How married filing separately works & when to do it

How married filing separately works & when to do it 

Key takeaways

  • Married filing separately means that you and your spouse report separate tax returns.
  • While the tax code encourages married couples to file their tax returns jointly, there are a few scenarios where married filing separately could be beneficial.
  • One of the best ways to figure out whether filing separately or jointly is best for you is to prepare your tax return both ways and look at which method results in the lowest tax liability.


Picking your first house, learning about each other, planning for your future – of the many joys of marriage, sitting down and figuring out how you’ll prepare taxes is not usually one of them. If you’re married, there are two options for your filing status with the IRS: married filing jointly and married filing separately.

What is married filing separately?

Married filing separately is one of five different tax-filing statuses that you can choose from. It means that you and your spouse each report income, deductions, credits and exemptions on separate tax returns instead of on one return jointly.

For example, a couple choosing to file separately would each file their own Form 1040 and any accompanying schedules, like Schedule 1, Schedule A or Schedule D. When filing separately, you and your spouse are only responsible for your own individual tax liability. You’re not responsible for any tax, penalties or interest that might result from each other’s returns.

How married filing separately works

When choosing the married filing separately, keep in mind that there are a few rules you must follow. For example, if one of you itemizes deductions on Schedule A instead of taking the standard deduction, both of you will have to itemize deductions. And you’ll have to decide who gets which deductions, which can get complicated if you want to deduct your mortgage interest, for example.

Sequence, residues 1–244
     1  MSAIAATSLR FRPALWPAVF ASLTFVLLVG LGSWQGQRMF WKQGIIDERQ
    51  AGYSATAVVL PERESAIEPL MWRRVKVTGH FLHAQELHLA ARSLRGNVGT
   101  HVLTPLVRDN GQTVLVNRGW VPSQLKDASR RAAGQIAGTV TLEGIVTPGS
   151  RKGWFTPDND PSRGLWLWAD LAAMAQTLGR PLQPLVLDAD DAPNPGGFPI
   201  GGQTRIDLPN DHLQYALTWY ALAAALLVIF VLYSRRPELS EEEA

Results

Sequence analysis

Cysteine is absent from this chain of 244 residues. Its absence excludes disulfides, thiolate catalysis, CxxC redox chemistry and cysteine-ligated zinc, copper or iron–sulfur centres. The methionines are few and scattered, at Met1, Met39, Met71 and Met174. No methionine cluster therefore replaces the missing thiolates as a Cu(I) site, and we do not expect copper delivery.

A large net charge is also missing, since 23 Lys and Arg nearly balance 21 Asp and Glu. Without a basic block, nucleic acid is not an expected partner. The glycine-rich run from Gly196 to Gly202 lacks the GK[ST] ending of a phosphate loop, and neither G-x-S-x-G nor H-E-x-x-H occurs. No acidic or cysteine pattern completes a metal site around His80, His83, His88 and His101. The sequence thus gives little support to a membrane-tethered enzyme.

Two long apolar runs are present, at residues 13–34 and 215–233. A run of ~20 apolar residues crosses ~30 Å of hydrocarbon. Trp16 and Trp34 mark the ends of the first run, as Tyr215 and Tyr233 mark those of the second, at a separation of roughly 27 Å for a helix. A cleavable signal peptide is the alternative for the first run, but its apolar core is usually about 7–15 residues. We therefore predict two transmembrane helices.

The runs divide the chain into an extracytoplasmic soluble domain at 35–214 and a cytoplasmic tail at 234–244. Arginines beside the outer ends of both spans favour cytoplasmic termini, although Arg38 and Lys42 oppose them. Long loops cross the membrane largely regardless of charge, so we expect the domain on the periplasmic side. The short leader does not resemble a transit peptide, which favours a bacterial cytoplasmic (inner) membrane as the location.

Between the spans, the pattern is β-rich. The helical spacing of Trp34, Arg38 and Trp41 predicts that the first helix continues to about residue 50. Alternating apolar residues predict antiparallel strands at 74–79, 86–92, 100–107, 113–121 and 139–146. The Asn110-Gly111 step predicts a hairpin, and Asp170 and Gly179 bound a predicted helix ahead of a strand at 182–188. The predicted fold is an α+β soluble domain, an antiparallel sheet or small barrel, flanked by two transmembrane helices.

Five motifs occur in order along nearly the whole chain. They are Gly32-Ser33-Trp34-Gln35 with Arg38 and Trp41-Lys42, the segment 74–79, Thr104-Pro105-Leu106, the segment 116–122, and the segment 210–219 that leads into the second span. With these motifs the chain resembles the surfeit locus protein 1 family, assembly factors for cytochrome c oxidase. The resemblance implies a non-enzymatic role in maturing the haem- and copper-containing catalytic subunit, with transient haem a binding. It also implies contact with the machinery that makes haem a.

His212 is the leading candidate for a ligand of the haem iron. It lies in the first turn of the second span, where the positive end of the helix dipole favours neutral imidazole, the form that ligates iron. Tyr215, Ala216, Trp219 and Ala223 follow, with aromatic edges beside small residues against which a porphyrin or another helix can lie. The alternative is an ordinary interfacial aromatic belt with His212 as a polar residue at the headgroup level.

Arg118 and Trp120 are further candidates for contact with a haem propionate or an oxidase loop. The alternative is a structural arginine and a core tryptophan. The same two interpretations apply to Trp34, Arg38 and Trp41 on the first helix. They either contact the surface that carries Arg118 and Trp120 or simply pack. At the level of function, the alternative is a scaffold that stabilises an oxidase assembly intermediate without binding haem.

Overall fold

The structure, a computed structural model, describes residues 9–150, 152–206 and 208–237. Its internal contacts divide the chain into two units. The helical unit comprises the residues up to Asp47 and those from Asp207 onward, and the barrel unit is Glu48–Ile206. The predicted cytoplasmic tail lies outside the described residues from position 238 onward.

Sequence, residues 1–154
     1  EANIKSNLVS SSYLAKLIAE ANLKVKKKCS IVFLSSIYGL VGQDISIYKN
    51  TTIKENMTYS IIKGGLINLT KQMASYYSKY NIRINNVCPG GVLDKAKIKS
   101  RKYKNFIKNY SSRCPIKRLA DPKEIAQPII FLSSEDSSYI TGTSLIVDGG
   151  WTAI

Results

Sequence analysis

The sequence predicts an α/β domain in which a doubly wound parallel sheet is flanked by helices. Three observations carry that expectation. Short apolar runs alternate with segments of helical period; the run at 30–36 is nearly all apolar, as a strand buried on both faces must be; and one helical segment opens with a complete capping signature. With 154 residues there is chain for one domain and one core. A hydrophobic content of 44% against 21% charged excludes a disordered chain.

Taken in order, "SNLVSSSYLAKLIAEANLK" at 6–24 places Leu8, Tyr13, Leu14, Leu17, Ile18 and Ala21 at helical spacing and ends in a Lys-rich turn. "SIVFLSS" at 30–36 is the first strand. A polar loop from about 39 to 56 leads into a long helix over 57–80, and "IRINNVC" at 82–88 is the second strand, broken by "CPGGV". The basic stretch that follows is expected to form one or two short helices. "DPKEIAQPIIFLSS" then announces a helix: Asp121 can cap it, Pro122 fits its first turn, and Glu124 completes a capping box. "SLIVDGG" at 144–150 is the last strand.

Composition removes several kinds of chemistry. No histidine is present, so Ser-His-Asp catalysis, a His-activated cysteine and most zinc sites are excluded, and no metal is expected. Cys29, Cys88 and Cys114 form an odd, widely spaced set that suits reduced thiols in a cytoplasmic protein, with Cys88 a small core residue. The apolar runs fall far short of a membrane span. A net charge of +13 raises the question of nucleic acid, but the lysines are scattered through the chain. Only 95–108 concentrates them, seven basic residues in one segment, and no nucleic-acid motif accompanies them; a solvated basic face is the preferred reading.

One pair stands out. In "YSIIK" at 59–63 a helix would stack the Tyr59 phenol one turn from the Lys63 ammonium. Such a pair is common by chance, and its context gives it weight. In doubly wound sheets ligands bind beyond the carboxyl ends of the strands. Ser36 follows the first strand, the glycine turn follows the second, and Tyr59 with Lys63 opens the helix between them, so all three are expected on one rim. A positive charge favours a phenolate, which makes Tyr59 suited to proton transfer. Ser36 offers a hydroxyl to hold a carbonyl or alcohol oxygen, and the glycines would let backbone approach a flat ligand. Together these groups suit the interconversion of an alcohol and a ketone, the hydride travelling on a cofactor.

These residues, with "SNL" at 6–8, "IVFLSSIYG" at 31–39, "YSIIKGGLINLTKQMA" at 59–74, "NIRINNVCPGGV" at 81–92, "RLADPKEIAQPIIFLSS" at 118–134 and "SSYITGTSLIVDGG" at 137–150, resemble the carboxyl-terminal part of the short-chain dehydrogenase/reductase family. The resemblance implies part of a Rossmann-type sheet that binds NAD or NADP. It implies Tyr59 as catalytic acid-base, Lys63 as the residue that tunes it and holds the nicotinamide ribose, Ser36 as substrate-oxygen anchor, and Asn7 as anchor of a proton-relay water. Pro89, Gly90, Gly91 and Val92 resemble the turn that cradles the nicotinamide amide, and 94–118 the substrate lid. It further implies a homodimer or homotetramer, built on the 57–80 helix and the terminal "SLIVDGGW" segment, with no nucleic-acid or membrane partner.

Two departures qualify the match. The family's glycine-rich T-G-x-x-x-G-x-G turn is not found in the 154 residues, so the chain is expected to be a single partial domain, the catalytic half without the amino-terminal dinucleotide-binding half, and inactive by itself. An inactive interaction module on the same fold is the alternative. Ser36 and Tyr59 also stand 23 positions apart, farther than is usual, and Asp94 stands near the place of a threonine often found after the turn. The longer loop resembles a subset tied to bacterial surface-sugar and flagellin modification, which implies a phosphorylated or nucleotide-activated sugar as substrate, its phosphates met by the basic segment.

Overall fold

For tax year 2023, the standard deduction is $13,850 for married couples filing separately. Filing separately might also exclude you from eligibility for certain tax deductions and credits (see below).

Keep in mind that married filing separately and filing as a single unmarried person are two different things. In other words, you can’t choose the single filing status if you’re married. In some situations, the tax brackets are different for single filers and married couples filing separately.

How married filing separately vs. jointly affects tax rates

How you file will impact your income tax bracket. Following are the tax rates for married individuals filing jointly or separately.

2023 federal income tax rates (for taxes due in April 2024)1

Tax rate

Married filing jointly

Married filing separately


$0 to $22,000

$0 to $11,000


$22,001 to $89,450

$11,001 to $44,725


$89,451 to $190,750

$44,726 to $95,375


$190,751 to $364,200

$95,376 to $182,100


$364,201 to $462,500

$182,101 to $231,250


$462,501 to $693,750

$231,251 to $346,875


$693,751 or more

$346,876 or more

 The benefits of married filing separately

While the tax code encourages married couples to file their tax returns jointly, there are a few scenarios where married filing separately could be beneficial.

These include when both spouses have about the same amount of income and when combining income pushes a couple into a higher tax bracket. Other scenarios where married filing separately might make sense include the following: